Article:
Jack Hutchison’s predictions for December 12th
We are about to enter the most important, fraught, volatile election in living memory. Arguably more unpredictable than anything since 1945. The Conservatives and Labour, separated by a huge margin of around 12%-15% in the polls, are fighting in a totally unpredictable political landscape. Seats once considered safe as houses are now marginals, marginals have become the safest of strongholds. The Lib Dems are now unequivocally the party of Remain. Labour, partly due to the contortions of Party Conference motions, are the party of negotiating another deal and then putting that to a second referendum. The Brexit Party the official party of No Deal.
It has been confirmed this morning that Boris Johnson’s Conservatives, newly cast by a defiant Iain Duncan Smith in the Telegraph as ‘the Brexit party’ will have to contend with Farage’s tightly controlled, executively-managed political machine in nearly every seat apart from those few occupied by Tory hardliners. At a press conference this morning, Farage and Brexit Party chairman Richard Tice have offered Johnson two weeks to come to an agreement which would involve ditching the deal struck with the EU. That’s unlikely to say the least.
Farage, who has been quiet over the past few weeks, has seen public support for his party slip below 10%. But don’t expect the polls to stay like that for long. His first intervention began last night with a phone-in from President Trump to LBC. Trump, in a total break with convention, encouraged Johnson to form a pact with the Brexit Party and stated that under some aspects of the current Brexit deal the US “can’t make a trade deal with the UK.” 2-0 Farage in just a matter of hours.
That will be the motif of this election: constant upsets, sudden outbursts, and the usual logic turned on its head. The President of the United States on an LBC phone-in is just the first step into the rabbit hole.
So what’s going to happen? There are so many unknowns that it’s difficult to know where to begin. Will voters punish Johnson for not delivering Brexit by October 31st? Will Remain voters manage to vote tactically across the country? Will the Brexit Party’s decision to stand in all seats also significantly harm Labour?
The last question is particularly difficult to work out. Many Brexit-supporting Labour voters, especially in the North and former industrial areas, feel much more comfortable voting for the Brexit Party than the Conservatives. If these Leave voters back Farage they could considerably cut into the Labour vote. At the same time, however, many Leave votes came from UKIP and Conservative supporters in those Northern areas. If the Brexit Party stands in these Labour heartlands Labour could squeeze through the middle. The spanners being thrown into the General Election machine only churn out more unpredictability.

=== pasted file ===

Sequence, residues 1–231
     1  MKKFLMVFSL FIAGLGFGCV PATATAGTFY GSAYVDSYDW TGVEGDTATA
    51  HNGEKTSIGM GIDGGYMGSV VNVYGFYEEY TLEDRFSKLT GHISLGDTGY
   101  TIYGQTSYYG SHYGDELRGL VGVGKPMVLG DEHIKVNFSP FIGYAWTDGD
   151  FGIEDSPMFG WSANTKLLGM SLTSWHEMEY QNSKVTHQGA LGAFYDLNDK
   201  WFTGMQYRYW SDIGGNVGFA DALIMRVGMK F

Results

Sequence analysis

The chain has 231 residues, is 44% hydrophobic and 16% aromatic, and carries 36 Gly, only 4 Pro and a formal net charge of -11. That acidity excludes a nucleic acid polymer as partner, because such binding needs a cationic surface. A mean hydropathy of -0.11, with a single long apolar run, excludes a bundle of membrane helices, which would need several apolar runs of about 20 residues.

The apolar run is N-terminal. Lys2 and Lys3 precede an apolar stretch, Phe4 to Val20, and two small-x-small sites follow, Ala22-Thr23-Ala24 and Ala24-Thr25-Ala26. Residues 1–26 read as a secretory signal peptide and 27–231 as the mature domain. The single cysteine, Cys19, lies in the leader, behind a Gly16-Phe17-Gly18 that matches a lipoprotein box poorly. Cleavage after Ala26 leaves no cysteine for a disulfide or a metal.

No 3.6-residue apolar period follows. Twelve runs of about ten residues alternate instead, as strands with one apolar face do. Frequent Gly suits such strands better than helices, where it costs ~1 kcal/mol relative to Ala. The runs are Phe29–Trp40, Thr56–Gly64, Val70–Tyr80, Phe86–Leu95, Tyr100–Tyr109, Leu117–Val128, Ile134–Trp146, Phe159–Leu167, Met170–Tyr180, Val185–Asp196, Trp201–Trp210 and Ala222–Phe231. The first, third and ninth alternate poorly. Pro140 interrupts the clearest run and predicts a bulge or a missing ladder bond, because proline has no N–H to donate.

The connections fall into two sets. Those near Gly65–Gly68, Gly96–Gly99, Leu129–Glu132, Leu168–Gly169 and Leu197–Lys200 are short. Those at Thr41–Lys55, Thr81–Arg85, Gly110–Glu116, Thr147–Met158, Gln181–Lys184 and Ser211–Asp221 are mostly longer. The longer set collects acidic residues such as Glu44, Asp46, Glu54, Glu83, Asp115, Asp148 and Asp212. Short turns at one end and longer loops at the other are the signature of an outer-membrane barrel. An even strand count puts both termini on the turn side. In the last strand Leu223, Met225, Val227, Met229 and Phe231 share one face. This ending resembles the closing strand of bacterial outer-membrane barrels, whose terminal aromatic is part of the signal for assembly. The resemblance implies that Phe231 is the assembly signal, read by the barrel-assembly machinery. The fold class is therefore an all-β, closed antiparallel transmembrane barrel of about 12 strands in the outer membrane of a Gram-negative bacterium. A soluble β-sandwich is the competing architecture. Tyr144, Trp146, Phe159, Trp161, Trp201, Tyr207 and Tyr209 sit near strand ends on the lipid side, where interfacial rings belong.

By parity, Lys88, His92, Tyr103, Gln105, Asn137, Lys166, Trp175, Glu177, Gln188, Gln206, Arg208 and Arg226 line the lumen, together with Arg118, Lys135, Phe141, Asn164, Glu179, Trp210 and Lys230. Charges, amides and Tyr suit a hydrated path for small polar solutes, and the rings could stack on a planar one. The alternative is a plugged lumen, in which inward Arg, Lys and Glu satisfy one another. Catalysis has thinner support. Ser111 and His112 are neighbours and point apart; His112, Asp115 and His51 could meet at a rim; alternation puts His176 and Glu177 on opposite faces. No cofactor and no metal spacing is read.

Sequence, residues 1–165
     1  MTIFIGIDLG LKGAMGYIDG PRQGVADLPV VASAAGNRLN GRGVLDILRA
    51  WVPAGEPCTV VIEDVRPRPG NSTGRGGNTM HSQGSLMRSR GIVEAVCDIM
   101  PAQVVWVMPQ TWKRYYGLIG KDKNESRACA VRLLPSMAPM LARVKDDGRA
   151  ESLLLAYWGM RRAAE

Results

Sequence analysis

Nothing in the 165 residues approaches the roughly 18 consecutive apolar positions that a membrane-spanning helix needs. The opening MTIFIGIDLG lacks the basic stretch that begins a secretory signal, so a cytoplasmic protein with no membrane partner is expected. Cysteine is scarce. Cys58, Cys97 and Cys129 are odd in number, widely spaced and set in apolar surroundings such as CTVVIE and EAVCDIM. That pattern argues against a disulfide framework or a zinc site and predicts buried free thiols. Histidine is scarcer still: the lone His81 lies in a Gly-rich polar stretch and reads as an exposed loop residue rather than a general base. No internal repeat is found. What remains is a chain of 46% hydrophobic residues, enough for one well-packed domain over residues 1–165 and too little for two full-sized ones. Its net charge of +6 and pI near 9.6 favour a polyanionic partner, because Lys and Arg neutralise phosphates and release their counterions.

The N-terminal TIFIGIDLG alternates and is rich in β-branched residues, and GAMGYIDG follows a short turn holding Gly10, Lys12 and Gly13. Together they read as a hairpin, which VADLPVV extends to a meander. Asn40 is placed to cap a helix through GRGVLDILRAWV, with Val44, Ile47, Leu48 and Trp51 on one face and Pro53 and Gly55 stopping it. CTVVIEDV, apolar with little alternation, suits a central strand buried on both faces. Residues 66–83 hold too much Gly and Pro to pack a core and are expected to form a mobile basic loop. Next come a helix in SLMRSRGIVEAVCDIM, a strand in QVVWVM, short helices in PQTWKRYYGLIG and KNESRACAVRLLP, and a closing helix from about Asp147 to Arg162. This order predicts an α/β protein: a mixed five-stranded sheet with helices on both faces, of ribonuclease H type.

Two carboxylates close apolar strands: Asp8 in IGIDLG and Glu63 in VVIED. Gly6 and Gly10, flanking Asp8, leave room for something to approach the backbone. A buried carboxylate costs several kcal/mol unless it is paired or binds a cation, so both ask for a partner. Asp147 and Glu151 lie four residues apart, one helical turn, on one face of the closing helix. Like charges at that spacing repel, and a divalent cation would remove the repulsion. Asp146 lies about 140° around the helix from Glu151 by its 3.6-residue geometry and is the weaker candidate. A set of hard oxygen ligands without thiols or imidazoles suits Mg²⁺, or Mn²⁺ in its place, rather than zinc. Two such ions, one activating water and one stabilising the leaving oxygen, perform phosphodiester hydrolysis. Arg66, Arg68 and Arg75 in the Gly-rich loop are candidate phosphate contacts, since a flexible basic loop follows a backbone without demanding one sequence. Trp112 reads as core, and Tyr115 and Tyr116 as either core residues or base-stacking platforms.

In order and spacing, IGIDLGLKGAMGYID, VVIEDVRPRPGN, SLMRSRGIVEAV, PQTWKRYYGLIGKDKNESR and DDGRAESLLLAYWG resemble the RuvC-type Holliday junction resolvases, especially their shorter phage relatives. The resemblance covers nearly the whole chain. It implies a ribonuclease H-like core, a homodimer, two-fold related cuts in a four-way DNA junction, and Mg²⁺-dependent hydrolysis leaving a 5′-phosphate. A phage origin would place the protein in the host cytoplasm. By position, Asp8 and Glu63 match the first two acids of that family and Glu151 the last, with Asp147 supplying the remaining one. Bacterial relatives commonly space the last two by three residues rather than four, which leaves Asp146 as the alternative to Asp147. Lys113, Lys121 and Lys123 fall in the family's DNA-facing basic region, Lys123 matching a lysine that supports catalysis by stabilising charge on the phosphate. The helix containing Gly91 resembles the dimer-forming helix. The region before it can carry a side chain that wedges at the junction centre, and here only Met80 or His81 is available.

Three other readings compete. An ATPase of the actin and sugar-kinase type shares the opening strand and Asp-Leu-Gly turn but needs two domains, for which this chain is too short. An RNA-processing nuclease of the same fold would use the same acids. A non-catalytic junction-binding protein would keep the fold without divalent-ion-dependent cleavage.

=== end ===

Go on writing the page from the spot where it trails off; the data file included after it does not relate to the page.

Much depends on whether the Conservatives can build a majority by retaining much of their middle-class base whilst also appealing to blue-collar voters that lean more small-c conservative on social and cultural issues. As centre-right think tank Onward has put it, this election is about ‘Workington Man’. Working class, white, over 45, and living in one of the Northern towns that has a strong Rugby League tradition. If Johnson can win over this voter, and prevent Farage peeling away too much of his Conservative vote in marginal southern seats, this could be a General Election which not only delivers a hefty majority for the Tories but also fundamentally realigns our major political parties along Remain-Leave lines.
For Corbyn, the chances aren’t looking good. Labour are a party still relying on their ‘legacy vote’, the large chunk of voters who say they’ll go Tory but, when it comes down to it, can’t put that cross next to Conservative when they’re in the ballot box. Winning a majority looks incredibly unlikely, especially with a resurgent Lib Dems looking to take seats away from them in heavily Remain cities. Anything worse than 2017’s performance will force succession at the top. Keep a close eye on the manoeuvrings of John McDonnell and Emily Thornberry who, together, could make a formidable pro-Remain pair once Corbyn has stepped down, and are rumoured to be in close discussion. Keir Starmer, straddling the left, centrist, and Remain wings of Labour could be in a formidable position if the left can’t organise effectively in the wake of defeat.
Ultimately, however, all of this is so far in the future. If we’ve been groping our way through a Brexit fog, the 12th December is still at a stratospheric distance. A week is a long time in politics and a six-week General Election an epoch. We might discover realignment, clarity, certainty. We could also get another hung Parliament, more Brexit delay, and no way out. I’m sorry to tell you that, as usual for contemporary British politics, all bets are off.